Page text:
While son has never represented father in court, the elder Jeyaretnam
tells Life! that his lawyer son has given him legal advice - and
financial assistance. 'They've been good sons,' he says of both his
No More The Scribe
BESIDES politics, writing is another path that the younger Jeyaretnam
has veered from, despite treading it for some years. His first
published short story Campfire, which he wrote during his National
Service stint, won him second prize in the 1983 National Short Story
He went on to publish short stories, a novella and two novels, winning
the Young Artist Of The Year award in 1993 and the South-East Asia
Write Award in 2003.
To be fair, bearing the name Jeyaretnam has also helped him. As he
puts it: 'If people remember your name, the chance of them buying your
book... is that much greater.'
Indeed, he had become such an icon of home-grown literature that his
last novel, Abraham's Promise (1995), had recently been part of the
But he hardly writes now, citing the increasing demands of his family
and legal work.
Writing is, as he puts it, 'a luxury which I can't afford at the
moment'. He doubts his novel- in-progress, which he has not touched in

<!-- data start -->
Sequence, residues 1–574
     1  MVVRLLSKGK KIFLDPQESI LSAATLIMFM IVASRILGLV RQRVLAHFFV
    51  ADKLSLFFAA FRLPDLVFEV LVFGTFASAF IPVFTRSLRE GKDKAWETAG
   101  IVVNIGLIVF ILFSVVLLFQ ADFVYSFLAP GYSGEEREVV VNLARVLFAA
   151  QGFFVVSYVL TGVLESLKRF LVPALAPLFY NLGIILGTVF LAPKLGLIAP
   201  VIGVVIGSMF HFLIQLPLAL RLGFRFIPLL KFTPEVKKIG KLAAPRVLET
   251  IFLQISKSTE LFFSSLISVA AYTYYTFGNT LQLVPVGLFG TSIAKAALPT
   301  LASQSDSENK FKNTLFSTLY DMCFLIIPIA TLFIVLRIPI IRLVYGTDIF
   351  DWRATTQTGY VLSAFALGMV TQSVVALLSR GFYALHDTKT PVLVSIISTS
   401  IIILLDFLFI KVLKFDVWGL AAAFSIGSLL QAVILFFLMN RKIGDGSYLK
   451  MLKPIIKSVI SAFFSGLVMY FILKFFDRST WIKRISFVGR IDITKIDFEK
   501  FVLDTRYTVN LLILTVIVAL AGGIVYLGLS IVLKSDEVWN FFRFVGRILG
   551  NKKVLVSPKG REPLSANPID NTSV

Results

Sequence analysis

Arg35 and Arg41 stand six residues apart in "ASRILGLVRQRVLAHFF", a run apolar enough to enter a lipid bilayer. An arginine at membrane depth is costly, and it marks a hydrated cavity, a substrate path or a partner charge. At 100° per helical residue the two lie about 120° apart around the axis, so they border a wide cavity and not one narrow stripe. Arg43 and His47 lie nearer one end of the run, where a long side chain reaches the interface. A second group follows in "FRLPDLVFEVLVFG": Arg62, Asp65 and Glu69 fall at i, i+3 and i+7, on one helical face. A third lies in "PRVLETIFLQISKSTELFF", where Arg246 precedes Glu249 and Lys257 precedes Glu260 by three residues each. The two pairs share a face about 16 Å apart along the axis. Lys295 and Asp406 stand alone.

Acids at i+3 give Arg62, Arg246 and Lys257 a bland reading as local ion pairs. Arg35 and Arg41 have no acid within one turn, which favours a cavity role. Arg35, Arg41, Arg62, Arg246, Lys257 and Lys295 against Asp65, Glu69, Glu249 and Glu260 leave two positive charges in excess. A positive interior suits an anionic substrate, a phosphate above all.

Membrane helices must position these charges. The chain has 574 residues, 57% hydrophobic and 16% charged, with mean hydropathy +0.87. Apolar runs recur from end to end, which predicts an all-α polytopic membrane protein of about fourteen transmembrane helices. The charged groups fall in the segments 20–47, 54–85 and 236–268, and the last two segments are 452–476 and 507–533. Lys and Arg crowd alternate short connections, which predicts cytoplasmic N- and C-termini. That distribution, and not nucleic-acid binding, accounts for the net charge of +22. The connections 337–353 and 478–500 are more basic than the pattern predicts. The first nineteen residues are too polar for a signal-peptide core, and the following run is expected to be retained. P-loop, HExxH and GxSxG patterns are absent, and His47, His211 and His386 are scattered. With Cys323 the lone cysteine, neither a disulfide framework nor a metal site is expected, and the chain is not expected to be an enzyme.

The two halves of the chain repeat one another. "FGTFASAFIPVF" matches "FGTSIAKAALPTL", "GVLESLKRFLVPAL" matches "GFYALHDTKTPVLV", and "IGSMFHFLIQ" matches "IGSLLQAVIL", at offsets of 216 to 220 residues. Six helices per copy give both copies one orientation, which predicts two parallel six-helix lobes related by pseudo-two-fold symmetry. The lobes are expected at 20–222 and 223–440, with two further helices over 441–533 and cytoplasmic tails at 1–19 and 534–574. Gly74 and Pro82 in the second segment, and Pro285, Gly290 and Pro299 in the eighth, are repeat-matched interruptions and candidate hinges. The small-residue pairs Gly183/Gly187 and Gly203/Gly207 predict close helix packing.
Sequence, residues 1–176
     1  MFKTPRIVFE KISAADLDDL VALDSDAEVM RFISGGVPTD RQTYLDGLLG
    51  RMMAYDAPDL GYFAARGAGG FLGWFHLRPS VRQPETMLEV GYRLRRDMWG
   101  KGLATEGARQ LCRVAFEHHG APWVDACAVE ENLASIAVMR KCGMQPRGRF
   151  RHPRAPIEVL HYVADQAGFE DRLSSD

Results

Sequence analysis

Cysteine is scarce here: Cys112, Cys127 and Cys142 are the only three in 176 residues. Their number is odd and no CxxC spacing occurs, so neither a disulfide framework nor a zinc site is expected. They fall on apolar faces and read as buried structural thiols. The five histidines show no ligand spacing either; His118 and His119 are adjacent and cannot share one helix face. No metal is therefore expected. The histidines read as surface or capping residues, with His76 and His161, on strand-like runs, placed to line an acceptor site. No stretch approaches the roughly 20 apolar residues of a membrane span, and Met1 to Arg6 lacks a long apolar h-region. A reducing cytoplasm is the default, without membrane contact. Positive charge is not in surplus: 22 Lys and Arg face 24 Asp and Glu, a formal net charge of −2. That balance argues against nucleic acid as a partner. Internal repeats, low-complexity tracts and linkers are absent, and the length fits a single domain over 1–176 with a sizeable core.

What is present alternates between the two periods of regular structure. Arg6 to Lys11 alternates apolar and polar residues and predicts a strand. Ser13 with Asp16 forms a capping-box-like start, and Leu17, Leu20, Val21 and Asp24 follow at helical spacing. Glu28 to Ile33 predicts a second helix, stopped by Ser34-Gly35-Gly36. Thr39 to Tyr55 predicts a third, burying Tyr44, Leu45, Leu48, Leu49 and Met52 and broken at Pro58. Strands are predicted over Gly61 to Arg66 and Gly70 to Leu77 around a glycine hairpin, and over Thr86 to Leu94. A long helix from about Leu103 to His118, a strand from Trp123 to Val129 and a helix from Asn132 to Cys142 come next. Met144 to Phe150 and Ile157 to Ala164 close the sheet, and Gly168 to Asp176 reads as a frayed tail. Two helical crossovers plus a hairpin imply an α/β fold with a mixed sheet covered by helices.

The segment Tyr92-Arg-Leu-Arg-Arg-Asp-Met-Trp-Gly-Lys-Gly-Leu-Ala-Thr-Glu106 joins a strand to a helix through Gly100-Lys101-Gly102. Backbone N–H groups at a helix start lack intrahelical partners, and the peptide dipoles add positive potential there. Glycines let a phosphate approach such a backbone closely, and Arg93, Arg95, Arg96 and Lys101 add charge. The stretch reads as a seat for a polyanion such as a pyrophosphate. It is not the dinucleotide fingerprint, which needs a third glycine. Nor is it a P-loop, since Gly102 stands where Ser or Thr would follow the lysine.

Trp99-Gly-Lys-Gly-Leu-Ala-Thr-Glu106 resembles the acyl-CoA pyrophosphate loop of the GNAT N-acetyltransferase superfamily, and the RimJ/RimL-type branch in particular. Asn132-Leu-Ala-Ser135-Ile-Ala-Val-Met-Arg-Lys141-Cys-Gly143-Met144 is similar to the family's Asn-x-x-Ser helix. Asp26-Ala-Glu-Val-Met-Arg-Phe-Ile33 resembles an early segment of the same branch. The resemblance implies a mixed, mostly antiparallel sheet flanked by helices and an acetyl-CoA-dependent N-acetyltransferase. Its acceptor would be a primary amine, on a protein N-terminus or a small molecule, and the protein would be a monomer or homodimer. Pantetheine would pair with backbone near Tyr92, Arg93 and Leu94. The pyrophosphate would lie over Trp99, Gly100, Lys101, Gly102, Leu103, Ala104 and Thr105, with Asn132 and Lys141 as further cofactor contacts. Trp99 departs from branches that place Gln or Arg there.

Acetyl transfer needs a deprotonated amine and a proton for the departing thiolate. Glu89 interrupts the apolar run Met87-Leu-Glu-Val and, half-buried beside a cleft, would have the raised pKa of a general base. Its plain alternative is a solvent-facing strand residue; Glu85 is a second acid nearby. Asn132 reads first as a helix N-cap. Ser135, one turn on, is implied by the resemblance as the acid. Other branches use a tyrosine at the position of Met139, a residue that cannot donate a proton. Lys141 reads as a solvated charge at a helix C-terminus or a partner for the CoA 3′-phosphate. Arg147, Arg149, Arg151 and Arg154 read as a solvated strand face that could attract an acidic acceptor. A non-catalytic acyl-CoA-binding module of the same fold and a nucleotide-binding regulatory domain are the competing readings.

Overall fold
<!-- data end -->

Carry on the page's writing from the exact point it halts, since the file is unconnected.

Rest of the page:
years, will ever 'see the light of day', even as he says that his
possibly decades-long time-out from writing is just a 'holiday'.
That is ironic coming from a man who bemoans: 'It's one of the real
problems of Singapore now... the way work eats up people's time to the
extent that they have no time for anything else'. Too often, he says,
Singaporean writers come out with an interesting book when they are in
their 20s - and then simply disappear after that.
He thinks he is following the same route, but remains a 'great
believer in the value of writing'.
Like his father, he has his own vision for Singapore, saying that his
involvement in the arts, tourism and the law are all connected.
He says he'd like to see 'more untidiness and openness' in the
Singapore of the future.
His plan of action to that end, however, differs from his father's.
'You have to find the centre, the point where you can bring together
agreement from enough people in order to make that change happen.'
So, while he thinks voices from the margins are crucial, he believes a
middle ground needs to be forged between what he sees as the otherwise
'fossilised' roles of establishment and anti-establishment.
As he puts it: 'The outsider role can become rather comfortable; it is
one without responsibility, perhaps.'
Philip Jeyaretnam on...
Why he chose to study history and literature instead of law: 'If one
has no social responsibilities and has no need to compromise, then
obviously the pursuit of knowledge is the most exciting and enjoyable
thing for a human being'
What he sees as the work-efficiency- materialism trap in Singapore
today: 'They lead ultimately very miserable lives which they enliven
by spending money. They don't have time, they have only money, so they
buy themselves a nice car or whatever, but in the end they don't have
the time to enjoy these things - or life'
His belief that there is a lack of political discourse among
overworked Singaporeans: 'Singapore is not comfortable politically;
Singapore is not comfortable economically. Anyone who is complacent in
Singapore is putting a paper bag over his head'.